World champs arrive in SA for Sasol Solar Challenge
The current champions of the World Solar Challenge, Delft University’s Nuon team from the Netherlands, has arrived in the country to start preparations for this year’s Sasol Solar Challenge. The race will kick off in Pretoria on 27 September and end in Cape Town on 4 October.
Ranked as one of the top global events of its kind, the Sasol Solar Challenge promises to be an exciting eight-day countrywide endurance challenge, not only demonstrating the sophistication and performance of solar-powered vehicles, but providing a platform to develop education and skills for future generations, specifically the advancement of STEM subjects – Science, Technology, Engineering, and Mathematics.
Sasol has sponsored the event since 2012, and believes that conceptualising, designing and building a solar car ticks all the boxes of STEM principles in that it provides a practical laboratory on wheels for the students.
The race is also the only solar vehicle event that is accredited by the Fédération Internationale de l’Automobile (FIA) – the governing body for world motorsport.
This year, the Nuon team will enter their latest solar vehicle, the NUNA 7 in which they hope to retain their position as the leader of the pack. The Nuon team comprises of six full-time students and several part-time students studying technology, policy and management (TPM), mechanical engineering, physics, civil engineering, and architecture, who are determined to complete the race with top honours.
According to a statement from the Nuon team, the NUNA 7 has been optimised to suit South African conditions, which include long distances, high speeds and heat in the 2 000km course from the capital to the Mother City. The team also plans to drive the daily loops to help them achieve the longest distance ever for a solar race.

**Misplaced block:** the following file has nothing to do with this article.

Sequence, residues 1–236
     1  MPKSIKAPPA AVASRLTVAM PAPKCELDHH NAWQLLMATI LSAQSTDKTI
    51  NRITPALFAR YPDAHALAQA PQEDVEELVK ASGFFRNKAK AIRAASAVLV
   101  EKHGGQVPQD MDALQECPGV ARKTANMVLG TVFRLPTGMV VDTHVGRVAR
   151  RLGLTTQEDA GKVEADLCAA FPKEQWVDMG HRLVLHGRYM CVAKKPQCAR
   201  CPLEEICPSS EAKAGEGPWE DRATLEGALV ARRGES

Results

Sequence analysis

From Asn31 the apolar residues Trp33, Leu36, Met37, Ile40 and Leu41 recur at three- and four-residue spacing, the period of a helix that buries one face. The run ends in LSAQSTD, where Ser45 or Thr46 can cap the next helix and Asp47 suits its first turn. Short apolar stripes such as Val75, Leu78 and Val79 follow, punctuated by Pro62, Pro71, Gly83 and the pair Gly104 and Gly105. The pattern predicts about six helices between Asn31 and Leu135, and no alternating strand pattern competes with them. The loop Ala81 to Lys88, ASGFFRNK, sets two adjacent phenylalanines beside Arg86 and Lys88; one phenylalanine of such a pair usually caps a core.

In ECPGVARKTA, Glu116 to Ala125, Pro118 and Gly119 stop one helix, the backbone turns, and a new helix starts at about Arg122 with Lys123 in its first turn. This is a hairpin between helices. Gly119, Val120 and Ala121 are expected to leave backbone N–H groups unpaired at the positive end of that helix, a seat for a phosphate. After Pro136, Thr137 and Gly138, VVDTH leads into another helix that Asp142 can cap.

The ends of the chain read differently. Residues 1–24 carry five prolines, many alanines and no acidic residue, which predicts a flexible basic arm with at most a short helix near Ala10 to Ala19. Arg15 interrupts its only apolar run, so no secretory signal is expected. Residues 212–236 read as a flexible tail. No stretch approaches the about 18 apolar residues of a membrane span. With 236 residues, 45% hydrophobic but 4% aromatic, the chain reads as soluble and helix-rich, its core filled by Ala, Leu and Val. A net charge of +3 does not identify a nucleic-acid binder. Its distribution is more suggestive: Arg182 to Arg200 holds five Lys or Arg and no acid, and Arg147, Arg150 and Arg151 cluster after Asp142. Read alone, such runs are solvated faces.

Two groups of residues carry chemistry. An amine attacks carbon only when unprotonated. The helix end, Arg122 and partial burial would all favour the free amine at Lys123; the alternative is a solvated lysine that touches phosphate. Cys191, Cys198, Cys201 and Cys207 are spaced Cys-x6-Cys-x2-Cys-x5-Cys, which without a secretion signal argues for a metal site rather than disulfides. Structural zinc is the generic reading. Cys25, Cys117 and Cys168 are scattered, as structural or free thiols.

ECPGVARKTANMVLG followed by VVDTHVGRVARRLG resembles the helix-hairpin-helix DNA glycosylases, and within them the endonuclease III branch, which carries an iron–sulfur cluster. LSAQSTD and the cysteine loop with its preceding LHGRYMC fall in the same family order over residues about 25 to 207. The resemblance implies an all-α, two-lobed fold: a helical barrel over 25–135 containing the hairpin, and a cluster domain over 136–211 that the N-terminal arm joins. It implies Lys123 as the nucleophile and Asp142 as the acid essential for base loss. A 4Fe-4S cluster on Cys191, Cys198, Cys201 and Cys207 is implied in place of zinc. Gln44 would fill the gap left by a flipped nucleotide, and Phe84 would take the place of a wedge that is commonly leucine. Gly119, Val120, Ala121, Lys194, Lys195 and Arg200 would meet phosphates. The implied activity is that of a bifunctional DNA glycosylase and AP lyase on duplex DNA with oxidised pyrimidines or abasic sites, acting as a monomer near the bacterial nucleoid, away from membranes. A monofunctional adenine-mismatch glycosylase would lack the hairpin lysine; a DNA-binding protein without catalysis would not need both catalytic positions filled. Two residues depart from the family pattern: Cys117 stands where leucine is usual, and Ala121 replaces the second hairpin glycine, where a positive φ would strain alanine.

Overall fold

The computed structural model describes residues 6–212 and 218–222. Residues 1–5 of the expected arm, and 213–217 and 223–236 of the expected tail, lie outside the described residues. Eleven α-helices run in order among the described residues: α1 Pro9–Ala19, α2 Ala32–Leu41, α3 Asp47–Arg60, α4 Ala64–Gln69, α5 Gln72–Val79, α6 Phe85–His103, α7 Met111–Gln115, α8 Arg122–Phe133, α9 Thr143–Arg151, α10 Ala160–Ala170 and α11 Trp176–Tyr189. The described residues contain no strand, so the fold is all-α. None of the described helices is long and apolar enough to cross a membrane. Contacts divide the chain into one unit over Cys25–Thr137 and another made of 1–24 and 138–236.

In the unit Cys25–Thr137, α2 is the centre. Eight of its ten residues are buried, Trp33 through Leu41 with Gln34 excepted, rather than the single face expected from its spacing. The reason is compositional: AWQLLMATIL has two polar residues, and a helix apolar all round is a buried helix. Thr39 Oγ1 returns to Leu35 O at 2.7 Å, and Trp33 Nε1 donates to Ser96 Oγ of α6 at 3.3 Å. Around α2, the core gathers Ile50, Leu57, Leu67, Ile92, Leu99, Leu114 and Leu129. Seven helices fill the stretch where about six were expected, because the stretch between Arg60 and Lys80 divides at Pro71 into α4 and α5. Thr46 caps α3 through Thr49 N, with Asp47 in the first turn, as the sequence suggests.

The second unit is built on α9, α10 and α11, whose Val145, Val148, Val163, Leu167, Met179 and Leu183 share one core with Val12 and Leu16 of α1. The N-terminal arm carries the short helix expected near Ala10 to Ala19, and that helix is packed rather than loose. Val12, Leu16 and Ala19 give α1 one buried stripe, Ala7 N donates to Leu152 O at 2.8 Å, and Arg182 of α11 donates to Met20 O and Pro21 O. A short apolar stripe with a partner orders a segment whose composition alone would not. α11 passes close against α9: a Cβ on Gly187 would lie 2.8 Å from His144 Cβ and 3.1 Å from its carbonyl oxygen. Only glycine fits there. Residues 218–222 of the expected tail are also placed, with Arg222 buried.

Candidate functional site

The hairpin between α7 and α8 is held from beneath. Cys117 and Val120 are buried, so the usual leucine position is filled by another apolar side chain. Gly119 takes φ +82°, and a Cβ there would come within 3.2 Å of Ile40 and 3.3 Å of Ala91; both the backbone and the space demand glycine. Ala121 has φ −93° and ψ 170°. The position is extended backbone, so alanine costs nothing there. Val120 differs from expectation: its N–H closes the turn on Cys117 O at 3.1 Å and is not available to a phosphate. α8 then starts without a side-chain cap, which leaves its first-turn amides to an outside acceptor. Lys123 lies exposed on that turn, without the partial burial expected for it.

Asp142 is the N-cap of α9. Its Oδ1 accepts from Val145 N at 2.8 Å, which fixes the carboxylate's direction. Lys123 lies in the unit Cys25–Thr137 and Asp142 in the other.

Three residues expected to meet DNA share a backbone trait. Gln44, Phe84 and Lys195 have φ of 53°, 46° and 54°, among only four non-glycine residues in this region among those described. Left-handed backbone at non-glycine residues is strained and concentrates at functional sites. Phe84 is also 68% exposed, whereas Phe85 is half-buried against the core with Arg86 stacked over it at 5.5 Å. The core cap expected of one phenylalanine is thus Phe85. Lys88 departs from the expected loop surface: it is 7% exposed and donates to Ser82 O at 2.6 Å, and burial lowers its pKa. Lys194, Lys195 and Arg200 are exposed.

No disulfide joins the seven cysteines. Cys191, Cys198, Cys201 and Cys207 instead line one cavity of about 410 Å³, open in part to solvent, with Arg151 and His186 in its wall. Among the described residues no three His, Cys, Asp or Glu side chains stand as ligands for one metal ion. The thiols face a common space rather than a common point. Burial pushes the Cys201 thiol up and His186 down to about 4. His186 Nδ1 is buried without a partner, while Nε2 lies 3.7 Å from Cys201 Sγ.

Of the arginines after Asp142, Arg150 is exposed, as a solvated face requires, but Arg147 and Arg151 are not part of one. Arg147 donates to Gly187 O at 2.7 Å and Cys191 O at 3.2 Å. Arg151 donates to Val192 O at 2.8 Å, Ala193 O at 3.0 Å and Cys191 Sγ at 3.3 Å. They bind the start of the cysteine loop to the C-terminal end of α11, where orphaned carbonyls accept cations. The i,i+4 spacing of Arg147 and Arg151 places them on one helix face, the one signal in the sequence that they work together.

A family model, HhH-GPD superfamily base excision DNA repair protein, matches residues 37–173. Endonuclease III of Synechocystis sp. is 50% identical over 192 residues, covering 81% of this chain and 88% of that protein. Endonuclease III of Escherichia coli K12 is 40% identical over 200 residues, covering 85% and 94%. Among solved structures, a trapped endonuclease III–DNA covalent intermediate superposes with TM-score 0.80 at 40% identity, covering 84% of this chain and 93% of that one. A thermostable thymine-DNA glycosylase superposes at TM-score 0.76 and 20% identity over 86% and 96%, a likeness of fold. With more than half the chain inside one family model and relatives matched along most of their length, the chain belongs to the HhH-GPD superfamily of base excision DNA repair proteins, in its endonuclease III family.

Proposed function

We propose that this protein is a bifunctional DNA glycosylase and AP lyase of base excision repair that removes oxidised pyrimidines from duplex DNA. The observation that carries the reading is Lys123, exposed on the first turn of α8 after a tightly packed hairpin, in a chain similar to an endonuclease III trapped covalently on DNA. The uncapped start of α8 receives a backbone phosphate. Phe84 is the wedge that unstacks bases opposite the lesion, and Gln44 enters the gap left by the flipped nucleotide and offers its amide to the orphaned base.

Held every two years in South Africa, the Sasol Solar Challenge attracts teams from around the world who come together to demonstrate the sophistication and performance of their solar-powered vehicles.
This year, 11 teams have entered into the event – eight from South Africa and three from countries ranging from the Netherlands, Cyprus and Turkey.
Local participation will come from the universities of North West, TUT, Wits, UCT and UKZN. Two schools, Maragon Private School, Olympus and the Deutsche International School Johannesburg, will also take part in the 2014 event.
“Over the years, we’ve seen increased interest in the race from both local and international teams. We have also seen how this event heightens interest in the areas of science, innovation, teamwork and business principles, particularly amongst young enthusiasts,” said Sasol Solar Challenge Director, Winstone Jordaan.
“The most attractive draw card for all is the fact that the Sasol Solar Challenge is the most strategically challenging race of its kind. Participants are measured on a number of factors including lowest energy consumption and strategic use of battery power as opposed to who crosses the finish line first,” explained Jordaan.
The race will pass through Sasolburg, Kroonstad, Bloemfontein, Colesberg, Graaff-Reinet, Port Elizabeth, Knysna and Swellendam. Competitors will cover an average distance of 260km a day, although front-runners will cover a total distance of up to 6 000km fuelled by sunlight alone.
For more information and to get behind your team, follow the Sasol Solar Challenge on Twitter @Solar_Challenge, like the Facebook page HYPERLINK “http://www.facebook.com/SASolarChallenge” www.facebook.com/SASolarChallenge and visit us at HYPERLINK “http://www.solarchallenge.org.za” www.solarchallenge.org.za